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A preliminary artist rendering for a gateway sign to the Barrio Logan neighborhood proposed last August was recently made public.

The sign, set to span Cesar E. Chavez Parkway between Main Street and Newton Avenue, was designed by local architect Vicki Estrada with input from the Port of San Diego, SANDAG, Caltrans, and the city.

According to a release from the Port, city councilman David Alvarez attended a March 5 Board of Port Commissioners meeting and expressed his approval of the proposed design. The project still must go through the city permitting process, the next step in development.

The sign is to be funded through Trade Corridor Improvement Funds approved by California voters via 2006’s Prop 1B. According to Caltrans:

The Highway Safety, Traffic Reduction, Air Quality, and Port Security Bond Act of 2006, approved by the voters as Proposition 1B on November 7, 2006, includes a program of funding from $4.5 billion to be deposited in the Corridor Mobility Improvement Account (CMIA). The funds in the CMIA are to be available to the California Transportation Commission, upon appropriation in the annual Budget Bill by the Legislature, for allocation for performance improvements on the state highway system or major access routes to the state highway system. The CMIA presents a unique opportunity for the State ’s transportation community to provide demonstratable congestion relief, enhanced mobility, improved safety, and stronger connectivity to benefit traveling Californians.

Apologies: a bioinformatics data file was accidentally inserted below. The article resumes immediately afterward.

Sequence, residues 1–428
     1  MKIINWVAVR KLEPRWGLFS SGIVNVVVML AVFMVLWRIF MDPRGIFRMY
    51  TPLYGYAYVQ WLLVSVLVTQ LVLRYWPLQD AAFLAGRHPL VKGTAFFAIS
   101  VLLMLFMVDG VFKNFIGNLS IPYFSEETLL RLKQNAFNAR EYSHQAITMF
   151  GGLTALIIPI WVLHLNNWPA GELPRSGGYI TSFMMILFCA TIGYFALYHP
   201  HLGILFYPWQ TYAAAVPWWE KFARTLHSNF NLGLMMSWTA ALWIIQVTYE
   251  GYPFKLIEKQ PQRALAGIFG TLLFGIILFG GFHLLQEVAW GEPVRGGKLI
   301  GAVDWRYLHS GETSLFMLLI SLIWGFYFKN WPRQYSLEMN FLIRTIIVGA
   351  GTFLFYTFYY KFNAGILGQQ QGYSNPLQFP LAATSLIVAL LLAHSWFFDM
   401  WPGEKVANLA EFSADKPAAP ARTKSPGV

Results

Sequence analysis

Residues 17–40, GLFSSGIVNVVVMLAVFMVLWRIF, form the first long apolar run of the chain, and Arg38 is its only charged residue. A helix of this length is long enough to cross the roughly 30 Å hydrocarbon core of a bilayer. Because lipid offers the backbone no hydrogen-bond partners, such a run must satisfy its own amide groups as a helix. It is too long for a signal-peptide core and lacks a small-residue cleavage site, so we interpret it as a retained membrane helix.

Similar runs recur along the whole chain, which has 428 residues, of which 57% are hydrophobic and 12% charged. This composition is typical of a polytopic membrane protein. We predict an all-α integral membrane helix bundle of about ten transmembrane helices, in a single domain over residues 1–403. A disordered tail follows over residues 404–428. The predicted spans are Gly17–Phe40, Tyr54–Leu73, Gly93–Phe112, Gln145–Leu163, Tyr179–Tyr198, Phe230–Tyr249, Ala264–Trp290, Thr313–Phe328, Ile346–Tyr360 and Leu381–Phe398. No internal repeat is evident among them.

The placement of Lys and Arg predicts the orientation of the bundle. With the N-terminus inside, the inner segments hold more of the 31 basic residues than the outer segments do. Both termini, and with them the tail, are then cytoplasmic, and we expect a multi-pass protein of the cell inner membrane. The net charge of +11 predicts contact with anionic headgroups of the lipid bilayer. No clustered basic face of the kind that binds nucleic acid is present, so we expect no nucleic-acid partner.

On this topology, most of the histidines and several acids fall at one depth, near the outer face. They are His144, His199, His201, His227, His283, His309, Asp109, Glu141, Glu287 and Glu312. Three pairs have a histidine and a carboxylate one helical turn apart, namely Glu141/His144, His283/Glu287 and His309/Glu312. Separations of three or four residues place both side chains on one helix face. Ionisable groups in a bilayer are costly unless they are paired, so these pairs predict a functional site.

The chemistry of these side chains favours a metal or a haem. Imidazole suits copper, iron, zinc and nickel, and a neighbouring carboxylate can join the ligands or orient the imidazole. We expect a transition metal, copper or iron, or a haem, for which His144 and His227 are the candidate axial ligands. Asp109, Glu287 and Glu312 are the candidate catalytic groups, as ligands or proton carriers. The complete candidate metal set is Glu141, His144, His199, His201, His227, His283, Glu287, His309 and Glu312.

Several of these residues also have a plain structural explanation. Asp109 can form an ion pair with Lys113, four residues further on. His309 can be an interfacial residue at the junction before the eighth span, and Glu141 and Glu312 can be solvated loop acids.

An estimated completion date for the project has yet to be determined.

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Visduh March 8, 2013 @ 8:42 p.m.

So, what does this sign have to do with Prop 1B? The voters approved that bond issue to improve transportation. A sign up over CC Parkway is a local thing, and when those have been put up in various spots around the city and county in recent years, they were paid for by local interests. Hey, the idea is nice, but does a sign like that improve transportation? Or is it just local boosterism? It all comes across as a misuse of borrowed funds, as politically correct as it may be.


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